How to help our local nesting birds

Spring has sprung and the baby birds are about to as well. This is the season for most of the birds in Ohio to start nesting and growing their family. Here in Cuyahoga County, we have several types of nesting birds. Common ones include cavity nesters, ground/scrape nesters and cup nesters. So, what can you do to help? Read below to see how each type of nester can use your help.

Cavity-nesting birds are birds that use a hole or cavity to build and shelter their nests. We have both primary and secondary cavity nesters here in Ohio. A primary cavity-nester, such as a woodpecker, is one who excavates their own cavity by digging or drilling into a tree or river bank. Leaving up dead trees in your yard is a big help for these birds, as it is easier to make holes in.

A secondary cavity-nester is one that uses an already existing cavity and may slightly alter it by widening a hole or bringing in additional nesting materials. These are the birds that need our help the most. They have been in decline over the past decade due to deforestation and development. You can put up nest boxes/birdhouses in your yard to help them out.

Each bird species has set preferences of suitable cavities; including but not limited to, height of the cavity from the ground, diameter and location of the entrance hole, and type of tree/material. Preferences inside the cavity also differ from species to species. Some birds like a bare chamber, where others will build a soft base or complete nest of gathered materials. Make sure to research what type of nest box to put up based on what bird you are trying to help.

Ground/scrape nesting birds are birds that will nest on the ground or scrape a little bit of a depression to create a “nest.” They can be quite camouflage, so it is important to keep an eye out for them. If you notice a ground nest, make sure to keep your distance, do not mow over the area and keep your pets away.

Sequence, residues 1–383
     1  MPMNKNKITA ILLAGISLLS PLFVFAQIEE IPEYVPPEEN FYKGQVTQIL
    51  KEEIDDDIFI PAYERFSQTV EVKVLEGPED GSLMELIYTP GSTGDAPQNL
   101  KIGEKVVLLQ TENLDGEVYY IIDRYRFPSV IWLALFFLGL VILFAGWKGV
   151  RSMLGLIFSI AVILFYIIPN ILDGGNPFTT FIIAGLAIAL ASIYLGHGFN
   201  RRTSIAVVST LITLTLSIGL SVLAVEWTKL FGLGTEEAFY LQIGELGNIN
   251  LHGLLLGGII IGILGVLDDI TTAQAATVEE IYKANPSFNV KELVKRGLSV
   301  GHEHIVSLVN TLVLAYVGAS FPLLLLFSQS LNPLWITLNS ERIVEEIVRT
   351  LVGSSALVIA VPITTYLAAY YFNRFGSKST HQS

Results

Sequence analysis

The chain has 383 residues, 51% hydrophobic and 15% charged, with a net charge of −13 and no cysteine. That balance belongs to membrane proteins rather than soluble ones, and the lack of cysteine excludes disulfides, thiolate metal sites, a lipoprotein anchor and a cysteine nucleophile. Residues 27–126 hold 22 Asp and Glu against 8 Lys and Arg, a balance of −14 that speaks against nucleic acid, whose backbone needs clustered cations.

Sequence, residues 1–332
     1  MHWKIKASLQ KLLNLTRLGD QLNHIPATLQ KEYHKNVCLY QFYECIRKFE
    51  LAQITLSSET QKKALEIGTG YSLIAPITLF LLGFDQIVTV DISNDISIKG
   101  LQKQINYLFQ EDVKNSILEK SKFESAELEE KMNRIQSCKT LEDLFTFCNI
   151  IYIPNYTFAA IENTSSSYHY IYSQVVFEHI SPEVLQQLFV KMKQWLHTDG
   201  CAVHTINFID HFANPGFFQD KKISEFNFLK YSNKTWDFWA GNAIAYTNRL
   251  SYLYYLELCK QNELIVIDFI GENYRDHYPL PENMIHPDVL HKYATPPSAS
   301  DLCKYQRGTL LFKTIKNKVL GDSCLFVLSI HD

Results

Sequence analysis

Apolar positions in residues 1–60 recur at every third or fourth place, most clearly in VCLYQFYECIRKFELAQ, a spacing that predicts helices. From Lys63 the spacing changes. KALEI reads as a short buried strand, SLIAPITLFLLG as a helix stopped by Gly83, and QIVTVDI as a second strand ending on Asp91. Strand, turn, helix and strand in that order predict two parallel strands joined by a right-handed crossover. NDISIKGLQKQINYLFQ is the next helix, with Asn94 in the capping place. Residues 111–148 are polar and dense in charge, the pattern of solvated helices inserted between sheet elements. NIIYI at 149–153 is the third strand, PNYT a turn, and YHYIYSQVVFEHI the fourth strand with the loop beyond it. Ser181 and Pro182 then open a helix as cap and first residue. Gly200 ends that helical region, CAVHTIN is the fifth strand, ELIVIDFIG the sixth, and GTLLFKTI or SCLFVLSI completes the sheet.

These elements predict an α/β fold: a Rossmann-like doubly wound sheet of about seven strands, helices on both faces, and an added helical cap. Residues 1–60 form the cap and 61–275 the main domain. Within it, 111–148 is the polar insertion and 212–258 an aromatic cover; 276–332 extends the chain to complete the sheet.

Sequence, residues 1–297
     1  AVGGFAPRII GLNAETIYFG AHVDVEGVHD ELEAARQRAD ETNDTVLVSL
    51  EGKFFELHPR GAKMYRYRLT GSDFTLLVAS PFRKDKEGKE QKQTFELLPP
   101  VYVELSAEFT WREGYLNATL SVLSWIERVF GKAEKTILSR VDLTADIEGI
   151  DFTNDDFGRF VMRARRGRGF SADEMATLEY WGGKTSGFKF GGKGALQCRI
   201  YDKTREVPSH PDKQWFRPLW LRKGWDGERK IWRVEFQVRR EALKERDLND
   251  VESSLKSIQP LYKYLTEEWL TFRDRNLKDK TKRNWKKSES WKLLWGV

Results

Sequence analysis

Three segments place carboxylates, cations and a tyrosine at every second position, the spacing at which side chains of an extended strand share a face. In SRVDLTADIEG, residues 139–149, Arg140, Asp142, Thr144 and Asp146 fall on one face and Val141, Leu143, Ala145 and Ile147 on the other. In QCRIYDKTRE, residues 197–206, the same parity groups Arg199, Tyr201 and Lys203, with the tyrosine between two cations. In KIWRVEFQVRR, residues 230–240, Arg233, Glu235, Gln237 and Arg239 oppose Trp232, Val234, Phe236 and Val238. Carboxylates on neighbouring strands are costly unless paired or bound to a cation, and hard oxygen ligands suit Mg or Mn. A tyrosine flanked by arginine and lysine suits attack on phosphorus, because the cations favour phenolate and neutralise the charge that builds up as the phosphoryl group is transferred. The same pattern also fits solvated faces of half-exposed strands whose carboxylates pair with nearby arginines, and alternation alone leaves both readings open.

Some of the ground nesting species like to hide their nests in grasslands or shrubs, so keeping a pile of your fallen branches in your backyard creates a nice little shelter for these species. Also keep an eye out for ground nests while walking on the beach. There are quite a few shorebirds that use these types of nests.

Cup nester birds build various size cups in trees and shrubs. These birds build your more traditional style of nest which we often associate with birds. You can help these birds by adding native trees and shrubs to your property.

Check your shrubs for nests before you trim them. Since spring is a stormy time of the year, you may find a fallen cup nest. If you can, try to put it back up in the tree it came from if there are still eggs or baby birds. If it is too fragile, you can fortify it by putting it in a container and returning it to the tree. If you do this make sure to poke holes in the bottom to release water.

On the other hand, if you find only a fallen un-feathered baby bird near a nest and you are able, put it back in the nest safely. If it is fully feathered, leave it alone.

By helping the birds, you are contributing to helping our local ecosystem. In addition to that, an added perk is they are great at insect control.

Catherine Salva

I am middle school educator and coach who is passionate about wildlife and conservation. I am currently pursuing a graduate degree in conservation at Miami University.

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Volume 15, Issue 6, Posted 9:23 AM, 04.04.2023